Walmart Inc. has plans to expand the reach of its Delivery Unlimited service, which launched recently as a competitor to Instacart’s Express service, Target Corp.’s Shipt service and Amazon.com Inc.’s Prime Now service.
Walmart tested the service—which offers unlimited grocery deliveries for a $98 annual fee or a monthly $12.95 fee—earlier this year in Houston, Miami, Salt Lake City and Tampa. Walmart now plans to add the service to 1,400 additional stores in the 200 metro areas where it currently delivers groceries.
Walmart (No. 3 in the Internet Retailer 2019 Top 1000) says the expansion means Delivery Unlimited will be available in more than 1,600 stores and more than 50% of the U.S. population by the end of the year. Customers without a membership will continue to have the option of paying a per-delivery fee, which varies depending on the time window and size of the order. The Delivery Unlimited membership comes with a free 15-day trial.
So far, the Delivery Unlimited service includes groceries, consumables and some lighter general merchandise products. But that’s just the beginning, says Marc Lore, Walmart’s ecommerce CEO.
“We’re going to be expanding it to really have everything in the supercenter delivered same-day under the same membership. If we can do that and execute it really well, like we’ve done with pickup, I think that would be a reason to use Walmart,” Lore said during a Sept. 9 session at Recode’s Code Commerce conference held last week in New York City.
The program builds on Walmart’s existing Grocery Delivery service and its Grocery Pickup service. Grocery Pickup allows customers to order their groceries online and pick them up in stores without getting out of their cars. As of the end of its second fiscal quarter ended July 26, Walmart operated more than 1,100 grocery delivery locations and more than 2,700 pickup locations, according to a company report. Walmart says its grocery delivery program employs more than 45,000 personal shoppers.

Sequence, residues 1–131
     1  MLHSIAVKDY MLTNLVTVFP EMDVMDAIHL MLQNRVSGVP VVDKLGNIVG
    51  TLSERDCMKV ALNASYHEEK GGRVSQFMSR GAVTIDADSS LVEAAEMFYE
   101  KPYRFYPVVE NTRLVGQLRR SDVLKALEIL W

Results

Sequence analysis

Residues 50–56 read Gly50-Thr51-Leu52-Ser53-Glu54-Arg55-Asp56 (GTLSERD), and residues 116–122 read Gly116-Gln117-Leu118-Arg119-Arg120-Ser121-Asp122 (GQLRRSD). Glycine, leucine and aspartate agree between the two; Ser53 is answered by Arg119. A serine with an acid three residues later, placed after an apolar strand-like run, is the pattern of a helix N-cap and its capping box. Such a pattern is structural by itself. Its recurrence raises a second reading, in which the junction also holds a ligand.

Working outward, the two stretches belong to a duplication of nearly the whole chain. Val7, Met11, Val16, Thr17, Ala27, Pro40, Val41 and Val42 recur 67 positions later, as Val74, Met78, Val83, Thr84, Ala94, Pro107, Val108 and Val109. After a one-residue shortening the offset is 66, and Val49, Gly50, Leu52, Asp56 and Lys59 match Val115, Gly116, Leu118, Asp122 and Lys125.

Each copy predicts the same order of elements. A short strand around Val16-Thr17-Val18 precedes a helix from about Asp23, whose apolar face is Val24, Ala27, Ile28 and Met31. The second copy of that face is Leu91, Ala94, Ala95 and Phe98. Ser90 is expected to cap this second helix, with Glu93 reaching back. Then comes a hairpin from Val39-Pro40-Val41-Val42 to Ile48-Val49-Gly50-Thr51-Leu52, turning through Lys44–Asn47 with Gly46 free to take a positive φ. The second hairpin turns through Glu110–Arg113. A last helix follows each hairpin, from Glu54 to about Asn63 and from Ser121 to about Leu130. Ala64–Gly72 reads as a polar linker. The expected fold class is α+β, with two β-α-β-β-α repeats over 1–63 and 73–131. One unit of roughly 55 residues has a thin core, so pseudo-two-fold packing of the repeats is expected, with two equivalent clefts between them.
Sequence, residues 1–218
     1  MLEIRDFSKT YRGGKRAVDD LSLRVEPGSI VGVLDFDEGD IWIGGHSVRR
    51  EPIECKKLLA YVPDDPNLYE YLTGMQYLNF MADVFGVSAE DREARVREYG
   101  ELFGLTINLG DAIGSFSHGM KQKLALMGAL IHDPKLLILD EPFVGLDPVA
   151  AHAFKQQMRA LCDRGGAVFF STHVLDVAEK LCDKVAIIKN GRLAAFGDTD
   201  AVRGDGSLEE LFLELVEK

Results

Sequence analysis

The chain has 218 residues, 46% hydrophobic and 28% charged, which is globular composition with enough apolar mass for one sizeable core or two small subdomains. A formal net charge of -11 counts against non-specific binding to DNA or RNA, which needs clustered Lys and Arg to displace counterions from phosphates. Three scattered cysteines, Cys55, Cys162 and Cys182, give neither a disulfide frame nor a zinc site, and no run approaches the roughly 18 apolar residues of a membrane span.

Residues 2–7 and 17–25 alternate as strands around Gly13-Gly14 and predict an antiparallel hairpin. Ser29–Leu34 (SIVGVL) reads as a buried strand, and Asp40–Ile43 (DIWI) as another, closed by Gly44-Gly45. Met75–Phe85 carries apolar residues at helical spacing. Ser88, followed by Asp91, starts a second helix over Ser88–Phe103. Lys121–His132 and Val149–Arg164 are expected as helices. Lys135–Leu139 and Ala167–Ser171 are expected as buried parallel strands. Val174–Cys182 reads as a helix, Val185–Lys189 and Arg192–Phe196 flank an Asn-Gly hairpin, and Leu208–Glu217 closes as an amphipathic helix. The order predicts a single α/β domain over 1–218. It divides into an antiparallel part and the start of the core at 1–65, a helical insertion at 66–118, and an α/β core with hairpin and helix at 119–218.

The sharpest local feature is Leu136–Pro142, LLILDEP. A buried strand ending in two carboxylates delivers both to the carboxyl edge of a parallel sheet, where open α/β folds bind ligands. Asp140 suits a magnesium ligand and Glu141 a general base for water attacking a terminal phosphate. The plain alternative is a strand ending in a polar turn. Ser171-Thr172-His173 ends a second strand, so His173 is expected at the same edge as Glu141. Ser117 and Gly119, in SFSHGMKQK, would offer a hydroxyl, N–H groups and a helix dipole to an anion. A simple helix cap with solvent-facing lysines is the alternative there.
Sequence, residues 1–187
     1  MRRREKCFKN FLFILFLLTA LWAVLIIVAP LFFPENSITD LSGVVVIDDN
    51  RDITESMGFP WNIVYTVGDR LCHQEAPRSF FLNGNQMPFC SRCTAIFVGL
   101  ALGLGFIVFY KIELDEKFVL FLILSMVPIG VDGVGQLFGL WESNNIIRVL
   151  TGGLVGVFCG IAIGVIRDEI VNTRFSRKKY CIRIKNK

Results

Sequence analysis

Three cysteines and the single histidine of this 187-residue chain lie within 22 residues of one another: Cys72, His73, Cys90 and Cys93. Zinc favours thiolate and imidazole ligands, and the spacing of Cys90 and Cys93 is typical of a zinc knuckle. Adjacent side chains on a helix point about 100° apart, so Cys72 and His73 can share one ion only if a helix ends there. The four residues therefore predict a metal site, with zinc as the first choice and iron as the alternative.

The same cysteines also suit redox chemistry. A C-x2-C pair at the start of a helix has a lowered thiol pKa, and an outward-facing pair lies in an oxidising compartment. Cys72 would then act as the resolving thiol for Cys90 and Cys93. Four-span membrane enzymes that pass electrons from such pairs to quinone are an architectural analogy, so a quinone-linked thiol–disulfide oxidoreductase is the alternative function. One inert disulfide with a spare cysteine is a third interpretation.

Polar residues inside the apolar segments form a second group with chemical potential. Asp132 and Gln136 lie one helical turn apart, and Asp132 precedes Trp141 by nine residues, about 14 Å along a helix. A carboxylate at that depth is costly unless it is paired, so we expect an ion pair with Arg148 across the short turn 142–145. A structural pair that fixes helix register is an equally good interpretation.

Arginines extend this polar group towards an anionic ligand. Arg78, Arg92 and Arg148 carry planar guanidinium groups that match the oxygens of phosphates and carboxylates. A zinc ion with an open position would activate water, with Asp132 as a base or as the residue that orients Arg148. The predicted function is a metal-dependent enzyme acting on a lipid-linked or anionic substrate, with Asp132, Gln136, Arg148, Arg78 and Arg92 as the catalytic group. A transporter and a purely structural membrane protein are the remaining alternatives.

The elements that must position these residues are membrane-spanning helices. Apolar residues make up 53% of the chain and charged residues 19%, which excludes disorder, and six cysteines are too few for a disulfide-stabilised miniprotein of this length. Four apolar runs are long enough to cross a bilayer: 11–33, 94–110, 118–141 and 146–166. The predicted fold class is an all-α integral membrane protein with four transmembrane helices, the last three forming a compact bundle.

At the Code Commerce conference, Lore acknowledged Walmart’s ecommerce operation is losing money. But he says the resulting tension between the profitable store operation and ecommerce business “is actually good, and it’s not unhealthy in any way.” He added that Walmart’s leadership is “aligned on the strategy going forward.”
Lore says Walmart has made great strides in improving delivery speeds and assortment in its ecommerce offerings. “But that’s not going to be how we win,” he said. “And so, the other part of the strategy is really thinking about how we play offense and leverage unique assets in a way only Walmart can.” That, he says, means finding new and better ways to leverage Walmart’s vast network of more than 4,700 stores, which puts the chain within 10 miles of 90% if the U.S. population. Offering same-day delivery of fresh and frozen groceries is one way to do that, he says.
The price of Delivery Unlimited is in line with a number of other services, including: Instacart Express, a $99 per-year service that lets shoppers receive groceries delivered for a flat fee (and for free when they spend at least $35); Target’s Shipt, a $99 per-year service (or $9.99 per-order service) that enables shoppers to receive same-day delivery from Target and other local grocers and stores; and Prime Now, Amazon’s two-hour delivery service that costs $7.99 per order. Amazon is No. 1 in the Top 1000 and Target ranks No. 16.
Ecommerce sales of food and consumables totaled $58.0 billion in 2018, an increase of 21.7% over 2017, according to just-released data from Inmar Analytics. Amazon’s 2018 sales in those categories totaled $21.1 billion, a 23.5% year-over-year increase, the report says.